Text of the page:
Low-dose naltrexone (LDN) describes the "off-label" use of the medication naltrexone at low doses and for other diseases such as multiple sclerosis.
Naltrexone is typically prescribed for opioid dependence or alcohol dependence, as it is a strong opioid antagonist. Preliminary research suggests low-dose naltrexone may be useful in preventing opioid tolerance and dependence when combined with an opioid, reduce the severity of opioid withdrawal, or improve fibromyalgia symptoms, though more research needs to be done before it can be recommended for clinical use.
There have also been pseudoscientific claims about its efficacy in treating a wide range of diseases such as cancer and HIV, which are not supported by clinical trials. The treatment has been widely promoted through websites run by organizations advocating its use.
Naltrexone is an opioid receptor antagonist, meaning it binds to opioid receptors in cells. These receptors bind endogenous pain relieving compounds such as endorphins as well as opioids such as morphine. Naltrexone also works to bind against the effects of heroin, which is synthesized from morphine, and is useful to alleviate opioid dependence. Government regulatory agencies such as the U.S. Food and Drug Administration have approved the use of naltrexone for chronic treatment of opioid dependence and for drug detoxification.
There are no studies that have been published that justify clinical use. Pilot studies have suggested future directions in research.
A single-blind randomized, two-group clinical trial of Low Dose Naltrexone for HIV/AIDS was conducted in Mali from March 2008 to March 2010, published Journal of AIDS and HIV Research. The authors concluded that adding LDN to a three-antiretroviral regime used improved the recovery rate of CD4 count, suggesting "further exploration of LDN as part of an HIV+ treatment regime is warranted".
A single-cohort study of Low Dose Naltrexone in 55 HIV-positive asymptomatic untreated patients with CD4 counts between 350-600 was conducted in 2008-2009 showed that after 9 months CD4 percentages were maintained.
A pilot study to to evaluate the safety and tolerability of low-dose Naltrexone therapy in children with moderate to severe Crohn's disease was conducted at the Penn State College of Medicine. The study enrolled 14 subjects in a placebo-controlled study for 8 weeks, followed by 8 weeks of open-label treatment.
The study concluded, "Naltrexone therapy seems safe with limited toxicity when given to children with Crohn's disease and may reduce disease activity."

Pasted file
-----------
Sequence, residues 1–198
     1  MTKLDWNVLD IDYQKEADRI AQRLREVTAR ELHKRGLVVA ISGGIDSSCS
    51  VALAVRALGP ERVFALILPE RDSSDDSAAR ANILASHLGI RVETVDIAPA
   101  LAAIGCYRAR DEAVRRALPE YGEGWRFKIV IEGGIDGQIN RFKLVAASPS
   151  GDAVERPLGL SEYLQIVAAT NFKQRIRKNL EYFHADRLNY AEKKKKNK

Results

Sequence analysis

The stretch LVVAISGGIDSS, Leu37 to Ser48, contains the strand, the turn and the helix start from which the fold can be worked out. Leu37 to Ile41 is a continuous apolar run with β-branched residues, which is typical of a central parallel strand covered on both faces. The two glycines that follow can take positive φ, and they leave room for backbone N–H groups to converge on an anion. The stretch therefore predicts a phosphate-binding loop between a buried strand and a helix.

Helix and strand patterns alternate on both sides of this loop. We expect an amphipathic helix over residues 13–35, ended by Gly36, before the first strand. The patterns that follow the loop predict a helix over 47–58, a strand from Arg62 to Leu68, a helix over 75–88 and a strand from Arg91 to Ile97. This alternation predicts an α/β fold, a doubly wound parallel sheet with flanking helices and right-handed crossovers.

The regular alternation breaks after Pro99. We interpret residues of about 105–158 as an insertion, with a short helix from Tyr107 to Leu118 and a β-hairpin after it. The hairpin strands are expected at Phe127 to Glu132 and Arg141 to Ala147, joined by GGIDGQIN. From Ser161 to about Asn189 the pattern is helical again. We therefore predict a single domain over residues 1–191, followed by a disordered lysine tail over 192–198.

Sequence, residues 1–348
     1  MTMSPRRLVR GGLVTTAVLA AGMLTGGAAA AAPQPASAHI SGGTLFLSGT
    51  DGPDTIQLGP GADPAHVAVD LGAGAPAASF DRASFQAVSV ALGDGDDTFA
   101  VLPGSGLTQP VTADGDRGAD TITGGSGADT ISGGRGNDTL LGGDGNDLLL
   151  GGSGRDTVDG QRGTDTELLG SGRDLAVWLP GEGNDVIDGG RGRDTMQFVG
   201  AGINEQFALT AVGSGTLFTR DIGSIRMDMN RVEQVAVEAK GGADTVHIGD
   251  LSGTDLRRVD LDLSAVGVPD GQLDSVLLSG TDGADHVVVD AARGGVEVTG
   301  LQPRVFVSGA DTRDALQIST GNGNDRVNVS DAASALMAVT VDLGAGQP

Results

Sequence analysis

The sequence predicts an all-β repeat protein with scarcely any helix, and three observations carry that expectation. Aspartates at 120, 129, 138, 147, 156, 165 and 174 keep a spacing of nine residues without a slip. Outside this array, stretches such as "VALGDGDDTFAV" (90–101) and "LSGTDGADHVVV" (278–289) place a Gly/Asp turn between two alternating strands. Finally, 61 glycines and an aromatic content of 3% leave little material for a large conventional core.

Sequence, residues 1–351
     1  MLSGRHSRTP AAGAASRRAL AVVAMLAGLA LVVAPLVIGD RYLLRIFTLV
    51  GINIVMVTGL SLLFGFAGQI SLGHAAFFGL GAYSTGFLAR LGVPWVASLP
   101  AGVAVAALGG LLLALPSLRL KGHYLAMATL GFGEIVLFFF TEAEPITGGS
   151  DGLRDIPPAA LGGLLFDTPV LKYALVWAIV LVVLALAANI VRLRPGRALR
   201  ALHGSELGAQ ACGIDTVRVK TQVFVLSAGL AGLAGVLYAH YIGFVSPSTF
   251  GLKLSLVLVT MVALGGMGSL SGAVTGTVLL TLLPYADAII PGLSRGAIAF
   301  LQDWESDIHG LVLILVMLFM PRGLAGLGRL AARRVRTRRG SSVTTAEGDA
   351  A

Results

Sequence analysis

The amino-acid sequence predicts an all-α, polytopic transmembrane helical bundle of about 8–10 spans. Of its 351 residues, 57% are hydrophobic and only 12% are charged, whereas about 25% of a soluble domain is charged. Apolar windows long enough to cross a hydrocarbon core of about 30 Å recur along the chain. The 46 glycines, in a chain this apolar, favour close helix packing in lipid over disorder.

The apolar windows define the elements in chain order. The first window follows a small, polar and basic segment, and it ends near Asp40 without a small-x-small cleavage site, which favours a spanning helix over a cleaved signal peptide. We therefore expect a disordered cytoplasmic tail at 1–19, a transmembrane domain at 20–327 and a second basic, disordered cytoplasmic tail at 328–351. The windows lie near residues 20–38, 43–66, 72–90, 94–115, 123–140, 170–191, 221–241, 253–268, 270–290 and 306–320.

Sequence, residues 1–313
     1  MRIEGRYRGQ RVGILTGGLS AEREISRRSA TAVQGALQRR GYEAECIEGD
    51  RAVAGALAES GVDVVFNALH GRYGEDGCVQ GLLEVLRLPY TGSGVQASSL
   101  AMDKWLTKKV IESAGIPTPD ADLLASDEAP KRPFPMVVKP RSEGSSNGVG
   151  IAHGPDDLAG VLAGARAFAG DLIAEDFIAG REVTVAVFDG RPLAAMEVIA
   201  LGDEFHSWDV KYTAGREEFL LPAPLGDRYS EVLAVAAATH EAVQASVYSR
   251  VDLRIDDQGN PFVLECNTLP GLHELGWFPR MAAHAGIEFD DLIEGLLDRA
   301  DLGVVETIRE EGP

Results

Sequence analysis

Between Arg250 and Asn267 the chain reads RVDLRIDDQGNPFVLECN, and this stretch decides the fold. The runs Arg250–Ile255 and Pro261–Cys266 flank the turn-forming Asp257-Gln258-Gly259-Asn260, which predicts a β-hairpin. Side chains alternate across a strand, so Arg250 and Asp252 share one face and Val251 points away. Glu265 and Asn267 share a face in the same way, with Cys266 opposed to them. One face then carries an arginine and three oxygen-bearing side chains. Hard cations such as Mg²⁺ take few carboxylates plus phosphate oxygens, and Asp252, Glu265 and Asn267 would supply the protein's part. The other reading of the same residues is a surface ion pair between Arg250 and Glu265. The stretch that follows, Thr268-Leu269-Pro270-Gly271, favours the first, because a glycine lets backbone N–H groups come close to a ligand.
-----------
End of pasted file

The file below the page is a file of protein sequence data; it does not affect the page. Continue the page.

LDN use has been advocated for the treatment of multiple sclerosis, based on anecdotal evidence. The benefits in those with multiple sclerosis have not been evaluated in large studies.
A pilot study performed at the University of San Francisco reported a significant increase in "mental health quality of life indices," though the authors noted that the dropout rate in the study reduced its statistical power.
Claims made by some personal testimonials suggesting LDN to be a "cure" or a "wonder drug" are not borne out by research.
The National Multiple Sclerosis Society notes that more rigorous studies are needed before it can be confirmed that LDN has a positive effect on multiple sclerosis symptoms or is even safe for use.
The UK National Health Service has also found that there is not enough evidence to support LDN's effectiveness in the treatment of multiple sclerosis, and such use in the UK would be unlicensed.
There has also been research on the use of LDN in treating Crohn's disease, fibromyalgia and autism, but this research is in the most preliminary of stages and does not currently justify clinical use.
This preliminary research includes the finding of a reduction in fibromyalgia symptoms in a small pilot study.
Ultra-low-dose naltrexone can reverse or prevent the development of tolerance to opioids, and its use is being investigated in the combination drug Oxytrex, which combines oxycodone with ultra-low-dose naltrexone.
There is some evidence that very low doses of opioid antagonists such as naltrexone reduce the severity of opioid withdrawal.
Known mechanism of action
The mechanism of low-dose naltrexone in reversing or preventing the development of tolerance of opioids involves its high-affinity binding to filamin A.
The interaction of naltrexone with microglia cells within the central nervous system is believed to be how the drug exerts its beneficial effects in individuals who suffer from fibromyalgia; this interaction on microglial cells results in a reduction of proinflammatory cytokines as well as neurotoxic superoxides.
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